Leigh: Well, for me, the ones that I wrote.. "Friend of Mine"… is one I can very much connect with. I mean it. I didn’t write it with anybody else. I first started writing about my guitar and I finished up writing about Barber, someone who’s been with us for so very long. So it’s not hard to get into the vocal on a song like that. You really feel it because I truly mean it. I’m not singing somebody else’s story, I’m singin’ mine. It’s truth, and I think that’s the key (pause)..for an audience to feel sincerity, to not overreach– you sing about something that means something to you– and it takes its own shape in their mind because they can hear the honesty in it and it means something to them. And… "In The Ground" is another one… is my take on the regression of the family farm, you know, what’s going on. It certainly means a lot to a lot of other people who have experience in farming– and people who feel like the world has changed on them when they weren’t looking.

Chris: Do have any other things you want to say about the new record?

Leigh: (Sighs) I was really proud of the new record. It’s the most – I don’t know if intimate’s the right word– it identifies us the most, it’s the most truthful album. It’s not us singing somebody else’s songs, we wrote the whole thing, much of the record was all out of our own background.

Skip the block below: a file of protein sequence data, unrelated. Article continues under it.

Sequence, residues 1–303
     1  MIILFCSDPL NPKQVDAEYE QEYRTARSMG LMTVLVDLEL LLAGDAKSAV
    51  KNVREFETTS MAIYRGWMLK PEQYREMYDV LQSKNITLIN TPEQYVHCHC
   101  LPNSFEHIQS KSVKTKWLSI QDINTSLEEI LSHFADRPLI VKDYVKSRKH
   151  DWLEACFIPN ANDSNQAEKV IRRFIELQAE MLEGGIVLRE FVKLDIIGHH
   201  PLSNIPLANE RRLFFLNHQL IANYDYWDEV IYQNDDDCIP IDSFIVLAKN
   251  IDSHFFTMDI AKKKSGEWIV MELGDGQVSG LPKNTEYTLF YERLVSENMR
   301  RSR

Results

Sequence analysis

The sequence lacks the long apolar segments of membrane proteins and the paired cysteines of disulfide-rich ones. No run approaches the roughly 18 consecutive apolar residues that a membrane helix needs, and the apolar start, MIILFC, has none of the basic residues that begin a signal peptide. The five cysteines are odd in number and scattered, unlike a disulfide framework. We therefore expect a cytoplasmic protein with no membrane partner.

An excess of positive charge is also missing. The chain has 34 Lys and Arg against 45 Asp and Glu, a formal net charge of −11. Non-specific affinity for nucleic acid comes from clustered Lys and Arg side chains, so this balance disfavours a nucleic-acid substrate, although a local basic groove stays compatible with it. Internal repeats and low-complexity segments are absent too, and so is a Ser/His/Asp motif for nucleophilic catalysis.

Chris: It was your first record of all original material, is that correct?

Leigh: Yeah. I co-wrote a song with Shawn Camp. And one with Eric’s son, Kelley, wrote one with us. But Eric and I wrote all the rest.

Chris: Where are you getting your creative jollies the next few years? How do you see that?

Leigh: As I’ve gotten older, I guess you feel a little less worried about failure. We’re going to try whatever we want to try. You have to please yourself as much as anybody else. In years to come it’s going to behoove us to be surrounded by people who just want to make music and be creative and see what happens. We couldn’t have written another In The Ground record. Those records don’t come that often, where you can get into yourself and into your story and things that mean a lot to you. That takes a lot out of you– and, I think, if you try to do that record again, you’re just trying to do that record again.

Chris: Yes, I think that’s very sage.

Leigh: Well, Thanks. So, you know, we want to continue doing this and continue to have fun doing this.

Chris: Well, that’s great, man. I’m going to let you say whatever else you want to say about this upcoming performance, then I’ll let you go.

Leigh: Ah, I’m just looking forward to getting’ back and visiting with those folks. They’re some of the best people we ever get to hang around. It’ll be a good time.




Chris Brashear: Songwriter, guitarist, fiddler, and....yes, a Veterinarian hailing from Amherst, MA, Chris currently teaches and performs and is available for workshops.